Thursday, October 16, 2014

Waste Not. (Learning to Claim Each Season as Good)

Five people in six months.  Two car accidents, cancer, old age, and pulmonary hypertension.  They left us, one right after the other.  One month after another.

I was 19, away to college for my first semester.  Assuming life would only continue it's excitement and productivity.  I knew nothing else, nothing except the steady blessing and presence of the Lord. Up till that year, it's as if He kept any struggle, any ache, at arm's reach from me. 

But then the cars crashed and the beating hearts silenced and the cancer won, and I met someone new.  His name was Fear.  I knew him not, but here he was, in each hour and at every turn and in the mirror and he shook me with his whispers of coming and staying.

For months I fought and wrestled with fitting this Fear into my pastor's daughter's mindset.  I remember that Fall well,  as the leaves surrendered their grip on their mother tree and died on the grounds of the campus. I felt myself loosing my grip on the life and the Christianity that I had always known.

I felt like this:

Ever been there?

I know. Weird time to post a funny picture.  I'm just trying to lighten it up. Even a bit. :)

And here's the thing. I have been waiting to use this picture as an analogy.

I think I forced it.

Hmm....Oh well.

Anyway, I entered into a bit of a off-season. For months, after Spanish I and before Anatomy, I lied on my dorm floor, over top of my open Bible, and I cried.  Fear was there, Depression too.  And it was dramatic and dark and I fumbled around, trying to make sense of the pain.  

Those 6 months were long, and miserable. It was the fall of death.  The winter of depression.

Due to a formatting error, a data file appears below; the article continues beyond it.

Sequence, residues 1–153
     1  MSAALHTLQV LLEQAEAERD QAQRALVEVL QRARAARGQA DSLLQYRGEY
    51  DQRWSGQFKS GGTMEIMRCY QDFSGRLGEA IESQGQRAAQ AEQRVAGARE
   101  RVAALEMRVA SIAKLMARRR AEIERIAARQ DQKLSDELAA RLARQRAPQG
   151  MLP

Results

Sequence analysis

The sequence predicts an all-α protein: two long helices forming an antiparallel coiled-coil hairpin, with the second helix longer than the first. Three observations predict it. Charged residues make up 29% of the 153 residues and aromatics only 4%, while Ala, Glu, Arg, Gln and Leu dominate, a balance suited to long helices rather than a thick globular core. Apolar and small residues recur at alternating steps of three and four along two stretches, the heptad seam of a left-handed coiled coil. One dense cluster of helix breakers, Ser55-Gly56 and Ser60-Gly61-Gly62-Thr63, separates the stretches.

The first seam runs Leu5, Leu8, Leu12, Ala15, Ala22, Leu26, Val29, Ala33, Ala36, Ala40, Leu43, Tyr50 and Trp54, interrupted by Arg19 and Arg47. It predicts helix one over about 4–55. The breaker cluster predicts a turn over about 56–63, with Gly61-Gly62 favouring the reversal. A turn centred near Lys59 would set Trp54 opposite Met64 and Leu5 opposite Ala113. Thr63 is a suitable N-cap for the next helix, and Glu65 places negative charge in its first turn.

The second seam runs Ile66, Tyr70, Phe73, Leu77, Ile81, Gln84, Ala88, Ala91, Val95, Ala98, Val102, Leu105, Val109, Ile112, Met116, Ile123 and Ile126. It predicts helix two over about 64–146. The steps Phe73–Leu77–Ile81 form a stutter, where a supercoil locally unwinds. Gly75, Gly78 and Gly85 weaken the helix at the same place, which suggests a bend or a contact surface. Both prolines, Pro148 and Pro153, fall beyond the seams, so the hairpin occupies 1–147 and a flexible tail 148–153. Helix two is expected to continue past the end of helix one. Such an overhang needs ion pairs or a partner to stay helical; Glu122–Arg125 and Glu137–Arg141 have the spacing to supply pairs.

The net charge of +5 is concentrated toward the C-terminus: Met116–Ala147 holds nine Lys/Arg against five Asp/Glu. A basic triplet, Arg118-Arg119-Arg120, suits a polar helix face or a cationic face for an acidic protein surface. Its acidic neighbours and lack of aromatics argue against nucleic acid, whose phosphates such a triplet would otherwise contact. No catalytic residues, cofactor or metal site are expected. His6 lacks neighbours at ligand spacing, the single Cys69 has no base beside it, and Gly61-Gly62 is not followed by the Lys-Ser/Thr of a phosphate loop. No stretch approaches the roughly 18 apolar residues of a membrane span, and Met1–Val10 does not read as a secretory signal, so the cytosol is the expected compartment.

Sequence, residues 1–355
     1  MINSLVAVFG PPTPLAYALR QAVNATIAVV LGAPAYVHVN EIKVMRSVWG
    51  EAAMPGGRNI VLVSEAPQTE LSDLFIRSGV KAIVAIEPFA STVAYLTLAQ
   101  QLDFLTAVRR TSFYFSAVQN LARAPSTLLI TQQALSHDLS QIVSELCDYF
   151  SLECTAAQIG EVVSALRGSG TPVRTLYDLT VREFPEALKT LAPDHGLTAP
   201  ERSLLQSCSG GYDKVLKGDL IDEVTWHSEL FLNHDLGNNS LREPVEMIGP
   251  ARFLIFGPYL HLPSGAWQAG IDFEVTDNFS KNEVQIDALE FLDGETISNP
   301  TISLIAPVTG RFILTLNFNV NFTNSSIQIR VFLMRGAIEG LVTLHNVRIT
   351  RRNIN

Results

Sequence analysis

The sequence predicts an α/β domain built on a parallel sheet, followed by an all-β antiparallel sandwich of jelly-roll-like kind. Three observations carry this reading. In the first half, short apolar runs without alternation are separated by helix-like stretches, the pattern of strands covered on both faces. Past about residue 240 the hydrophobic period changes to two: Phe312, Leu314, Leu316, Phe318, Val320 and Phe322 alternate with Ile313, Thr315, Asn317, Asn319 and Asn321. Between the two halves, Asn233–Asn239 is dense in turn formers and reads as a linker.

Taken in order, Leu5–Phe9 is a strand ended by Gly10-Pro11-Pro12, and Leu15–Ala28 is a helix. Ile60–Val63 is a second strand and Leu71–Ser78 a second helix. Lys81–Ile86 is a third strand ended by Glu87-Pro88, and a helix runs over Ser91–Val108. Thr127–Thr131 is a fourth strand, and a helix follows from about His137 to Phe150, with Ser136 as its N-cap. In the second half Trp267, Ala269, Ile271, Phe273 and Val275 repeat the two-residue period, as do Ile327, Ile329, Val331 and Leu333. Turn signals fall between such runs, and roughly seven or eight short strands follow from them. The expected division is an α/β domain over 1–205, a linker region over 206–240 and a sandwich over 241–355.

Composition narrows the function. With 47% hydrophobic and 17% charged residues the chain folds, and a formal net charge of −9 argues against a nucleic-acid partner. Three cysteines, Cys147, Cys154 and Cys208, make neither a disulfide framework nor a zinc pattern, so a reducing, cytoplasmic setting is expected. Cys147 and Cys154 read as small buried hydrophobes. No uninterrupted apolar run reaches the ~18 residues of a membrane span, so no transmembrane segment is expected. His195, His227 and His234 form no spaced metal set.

It felt at times, like a waste, that half a year.

Yet, now, with ten years spacing me from that valley, my vision has cleared.  I can see how that God-ordained off-season was the richest time of my life. 

For, it was in the epilogue of that tear-stained, doubt-filled season that Hope came in anew.

As Iowa finally passed from Winter into Spring, I lifted my changed eyes up, and found a God that was new to me.  After I walked through (uh, crawled through) a season of loss my emptiness was creating a capacity for a God that I thought I already knew.

Perhaps the beauty of loss is that it creates room for something, for Someone. 

The God who allowed the consecutive deaths (that affected many people more than myself), this God who loved me, this God who knows loss and knows pain, he gave me more of himself.

It wasn't until I bled that I could understand that He is Healer.

Not until my feet had slipped and water neared my neck could I truly grasp that He is my Rock.

It was in the loneliness of grieving and isolation of doubt that I learned that He is Enough.

That slow, mundane, gray semester was not wasted. It was, indeed, richer than any year previous. Different, yes.  Quieter than I preferred, yes.  But richer.  

I claim the same for today.

I have now caught my breath from another slue of losses. Jobs, homes, moves, and deaths.  My wounds, most obtained on the windy curve of learning,  are healing. There is a scar of sorts, it's deep and it's wide and I see it every single day.  This scar tells my story--a story of brokenness and rebellion, a story of grace and redemption. Same story as many of you. 

Yet, I would say I am in a bit of an off-season. The question comes regularly now, "So, when are you guys going to get back into ministry?" "So, what's the plan with working in a church again?" I don't mind the questions, it's just that God hasn't given us an answer to pass on yet. And that's ok.

Because his Grace tells me that this year is wasted not.